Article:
Just because a date is in a 'standard' format, doesn't mean it is meaningful to all. Last year a VP of Product Development for a software company was traveling to Europe for a meeting. For entry to the particular country a valid VISA was required. Checking his old VISA he saw a date like '10/08/2000', and noted that October 8th, 2000 means his old VISA is still valid. Unfortunately arriving in the European country, he was refused entry...because his VISA had expired on August 10th, 2000. Fortunately, after some deliberation he was able to fly to a country that didn't have a VISA requirement, and conduct his meeting over video.... Though he could probably have done it by video without leaving the US. On the flip side, I stood behind a gentleman trying to deposit a foreign check that suffered from a similar confusion in date format. The US bank wouldn't cash the check because it had been excessively post dated, rather than seeing that it had been issued during the early part of this year. Since I grew up in Canada, date confusion was so annoying...that I was in the habit of using ISO date format. Which has the advantage of making sorting by date much easier (at least it did until Y2K, because to save space on the mainframe the first two digits were dropped for date keys). Unfortunately, the US post office wouldn't accept a form where I had used ISO date format. [Old story in RISKS, but manifestations keep recurring, and after all RISKS seems to be laden with recurrences of old stories about which no one was paying adequate attention. PGN]
This is just one example of a huge major problem, caused in no small measure by the lack of any mandatory formal training for programmers. That in turn results from the huge demand for IT systems, the shortage of people who can program (even badly), and the evolution of technology which means that any training programme "appears" to be obsolete after three years (especially if emphasis is put on learning APIs rather than learning about the real world, which is what happens when you go on software manufacturers' training courses). As Lauren Ruth Weiner pointed out in her indispensable book "Digital Woes", you wouldn't hire a 24-year-old architect to design a stadium. But the experienced team of architects you did hire might well be using software built by a couple of 24-year-old programmers who had never experienced the consequences of any sort of structural failure. This week we received a consultant's resume from a software house. It is 12 pages long and has a pretty colour background picture of a forest scene (itself a RISK; the e-mail was so big that initially it couldn't be delivered to a default-configuration mailbox). This consultant is 25 years old and has been out of college for three years; every two-week-long assignment has been written up as if she had been the lead developer of Multics. We won't be using her services (at $US 800 per day) to maintain our PeopleSoft database. But somebody will. Nick Brown, Strasbourg, France.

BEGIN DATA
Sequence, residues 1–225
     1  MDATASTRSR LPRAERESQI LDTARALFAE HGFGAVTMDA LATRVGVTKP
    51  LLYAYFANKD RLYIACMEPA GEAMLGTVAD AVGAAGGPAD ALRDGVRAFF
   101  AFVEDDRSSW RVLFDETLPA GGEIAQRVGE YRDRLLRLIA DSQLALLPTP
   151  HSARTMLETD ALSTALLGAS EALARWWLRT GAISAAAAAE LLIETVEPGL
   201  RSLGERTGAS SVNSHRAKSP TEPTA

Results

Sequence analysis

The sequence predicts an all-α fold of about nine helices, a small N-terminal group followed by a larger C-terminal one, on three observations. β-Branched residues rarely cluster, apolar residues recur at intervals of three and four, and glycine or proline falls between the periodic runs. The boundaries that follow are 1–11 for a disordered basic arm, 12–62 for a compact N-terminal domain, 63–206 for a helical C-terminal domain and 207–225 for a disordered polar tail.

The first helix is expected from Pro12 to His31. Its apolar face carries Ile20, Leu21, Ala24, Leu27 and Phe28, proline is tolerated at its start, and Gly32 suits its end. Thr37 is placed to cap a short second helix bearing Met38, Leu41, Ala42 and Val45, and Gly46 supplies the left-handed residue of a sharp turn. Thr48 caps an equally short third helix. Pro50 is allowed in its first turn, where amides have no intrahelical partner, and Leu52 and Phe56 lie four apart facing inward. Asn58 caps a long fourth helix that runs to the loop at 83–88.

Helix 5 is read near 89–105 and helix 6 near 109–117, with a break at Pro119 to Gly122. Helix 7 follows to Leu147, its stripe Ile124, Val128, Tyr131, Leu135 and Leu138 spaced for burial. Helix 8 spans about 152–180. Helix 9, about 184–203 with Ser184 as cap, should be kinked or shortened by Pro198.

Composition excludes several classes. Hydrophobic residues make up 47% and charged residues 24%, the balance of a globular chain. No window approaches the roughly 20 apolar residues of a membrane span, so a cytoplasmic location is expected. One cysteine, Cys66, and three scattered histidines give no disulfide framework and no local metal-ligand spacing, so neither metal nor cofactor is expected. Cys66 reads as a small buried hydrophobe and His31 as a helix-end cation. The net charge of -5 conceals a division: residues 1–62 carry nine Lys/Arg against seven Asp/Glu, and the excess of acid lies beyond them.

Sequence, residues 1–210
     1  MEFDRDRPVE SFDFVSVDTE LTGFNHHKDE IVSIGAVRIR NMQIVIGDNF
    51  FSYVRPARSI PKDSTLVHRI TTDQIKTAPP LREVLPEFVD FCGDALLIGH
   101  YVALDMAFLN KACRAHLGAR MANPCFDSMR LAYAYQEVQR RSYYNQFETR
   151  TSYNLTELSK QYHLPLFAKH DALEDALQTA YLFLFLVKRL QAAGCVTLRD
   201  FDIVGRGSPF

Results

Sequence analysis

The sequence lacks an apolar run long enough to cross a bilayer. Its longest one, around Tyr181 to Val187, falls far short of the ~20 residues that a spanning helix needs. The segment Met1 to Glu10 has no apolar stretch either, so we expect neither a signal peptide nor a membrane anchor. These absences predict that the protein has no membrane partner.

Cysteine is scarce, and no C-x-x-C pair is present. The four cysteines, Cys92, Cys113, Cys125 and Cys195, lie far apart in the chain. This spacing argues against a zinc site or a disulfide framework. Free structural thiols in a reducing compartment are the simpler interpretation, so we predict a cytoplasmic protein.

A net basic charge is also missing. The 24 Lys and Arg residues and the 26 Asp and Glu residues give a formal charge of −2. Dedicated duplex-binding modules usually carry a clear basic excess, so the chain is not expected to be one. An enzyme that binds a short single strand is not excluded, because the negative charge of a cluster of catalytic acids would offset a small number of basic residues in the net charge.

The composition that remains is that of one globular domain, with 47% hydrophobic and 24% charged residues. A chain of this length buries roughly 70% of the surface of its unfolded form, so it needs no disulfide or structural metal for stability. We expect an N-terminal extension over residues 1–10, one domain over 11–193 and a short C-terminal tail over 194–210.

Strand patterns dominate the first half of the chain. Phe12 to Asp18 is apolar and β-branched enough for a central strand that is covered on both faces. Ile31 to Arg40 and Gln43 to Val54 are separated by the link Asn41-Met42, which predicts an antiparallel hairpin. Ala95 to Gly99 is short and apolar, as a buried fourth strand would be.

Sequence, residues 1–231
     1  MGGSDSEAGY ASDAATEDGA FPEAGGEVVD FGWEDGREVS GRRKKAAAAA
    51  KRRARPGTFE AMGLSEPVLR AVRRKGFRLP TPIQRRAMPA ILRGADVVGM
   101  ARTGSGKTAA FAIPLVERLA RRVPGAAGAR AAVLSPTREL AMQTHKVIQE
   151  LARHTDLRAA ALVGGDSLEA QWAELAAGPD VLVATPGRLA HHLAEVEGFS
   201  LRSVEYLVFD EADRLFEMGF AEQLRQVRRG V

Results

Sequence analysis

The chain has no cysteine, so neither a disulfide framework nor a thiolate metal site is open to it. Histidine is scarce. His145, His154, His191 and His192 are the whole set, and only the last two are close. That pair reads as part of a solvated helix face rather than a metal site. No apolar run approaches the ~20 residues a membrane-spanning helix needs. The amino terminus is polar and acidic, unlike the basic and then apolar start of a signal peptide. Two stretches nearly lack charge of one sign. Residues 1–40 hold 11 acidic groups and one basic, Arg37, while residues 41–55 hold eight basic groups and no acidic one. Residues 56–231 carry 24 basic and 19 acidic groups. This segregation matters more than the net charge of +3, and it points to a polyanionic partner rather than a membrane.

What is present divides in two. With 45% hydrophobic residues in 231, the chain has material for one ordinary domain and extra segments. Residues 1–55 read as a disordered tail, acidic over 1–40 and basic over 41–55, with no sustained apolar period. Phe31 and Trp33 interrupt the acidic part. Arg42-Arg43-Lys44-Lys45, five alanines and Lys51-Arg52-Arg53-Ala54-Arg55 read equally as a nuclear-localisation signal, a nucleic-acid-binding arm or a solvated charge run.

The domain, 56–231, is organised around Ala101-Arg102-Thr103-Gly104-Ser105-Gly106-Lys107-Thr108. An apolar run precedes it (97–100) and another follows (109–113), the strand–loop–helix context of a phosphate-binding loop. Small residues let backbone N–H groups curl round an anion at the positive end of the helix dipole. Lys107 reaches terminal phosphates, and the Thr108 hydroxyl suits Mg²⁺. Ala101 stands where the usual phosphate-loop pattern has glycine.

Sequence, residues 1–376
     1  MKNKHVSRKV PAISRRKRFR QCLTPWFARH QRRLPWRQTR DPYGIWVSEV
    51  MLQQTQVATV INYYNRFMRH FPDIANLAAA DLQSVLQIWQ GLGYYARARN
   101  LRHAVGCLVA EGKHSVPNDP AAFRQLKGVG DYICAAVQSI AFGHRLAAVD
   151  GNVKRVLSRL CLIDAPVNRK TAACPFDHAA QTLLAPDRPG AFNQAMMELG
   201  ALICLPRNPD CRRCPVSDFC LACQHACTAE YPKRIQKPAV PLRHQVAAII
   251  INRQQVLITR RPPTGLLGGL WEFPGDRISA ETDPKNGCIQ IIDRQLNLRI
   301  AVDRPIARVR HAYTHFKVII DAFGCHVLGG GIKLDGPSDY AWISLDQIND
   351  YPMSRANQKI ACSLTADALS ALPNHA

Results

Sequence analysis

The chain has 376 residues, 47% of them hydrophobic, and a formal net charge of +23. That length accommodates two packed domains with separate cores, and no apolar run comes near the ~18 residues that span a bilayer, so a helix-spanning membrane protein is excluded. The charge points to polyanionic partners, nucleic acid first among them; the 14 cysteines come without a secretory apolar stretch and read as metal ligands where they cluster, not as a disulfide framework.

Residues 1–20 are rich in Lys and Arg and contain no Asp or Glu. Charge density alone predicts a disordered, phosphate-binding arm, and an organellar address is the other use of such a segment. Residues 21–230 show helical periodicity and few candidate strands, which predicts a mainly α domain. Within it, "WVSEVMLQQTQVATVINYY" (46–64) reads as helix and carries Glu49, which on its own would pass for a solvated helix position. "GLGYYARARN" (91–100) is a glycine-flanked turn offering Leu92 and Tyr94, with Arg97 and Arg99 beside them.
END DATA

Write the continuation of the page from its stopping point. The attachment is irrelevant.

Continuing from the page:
> The tests, which prevented the car from topping 30mph, 40mph and other... This will also surely resurrect problems that dates back to a much older and simpler technology--fixed speed governors on cars. Back in the early 1970's, my father worked in the administrative offices of a large local utility company. At that time, the US imposed stricter speed limits to conserve fuel. Thinking the company could set a shining public example, they decided to install speed governors in the company's fleet of sedans. That lasted only a short while as the number of automobile accidents *increased* within the fleet because of several significant unanticipated factors. One was that these speed-restricted cars were still having to interact on the road with non-restricted vehicles--leading to situations where the restricted vehicle was at a disadvantage on emergency maneuvers such as accelerating out of danger. The other was that the drivers were used to driving unrestricted cars, so occasionally made risky driving decisions momentarily forgetting the restrained capabilities of their company vehicle. These risks exist in the basic premise of imposing blanket restrictions on vehicles with no provisions for exceptions based on the actual circumstances the driver is facing at any moment. Many such technologies cannot be guaranteed to be sufficiently safe until *everybody* has it and is operating on equal terms. This new system adds a lot of complexity to merely apply different governor speeds based on the specific road rather than the fixed maximum vehicle speed imposed by the old automotive speed governors. Imagine being on a long downhill expressway with several large heavy tractor-trailers bearing down on you at substantially above the speed limit your vehicle is restricted to? Imagine having a car following you at 50 mph when you cross into a 40 mph zone and your vehicle is *forced* to reduce speed. I hope the driver behind you is equally alert and attentive to the speed limit change! What I fear from the people so vigorously pushing these technologies is that such safety risks that were long ago learned will be overlooked or glossed over. Somehow the new high-tech approach leads people away from realizing the basic concept is not new and the new solution fails to address or resolve concept flaws proven in prior low-tech implementations. Not to mention any new safety risks introduced by the newer implementation. Sadly, these may not come to light until the first driving fatality or, as in the case of my father's employer, the statistics of the system in large scale use show an alarming trend. Derek Ziglar, Atlanta, GA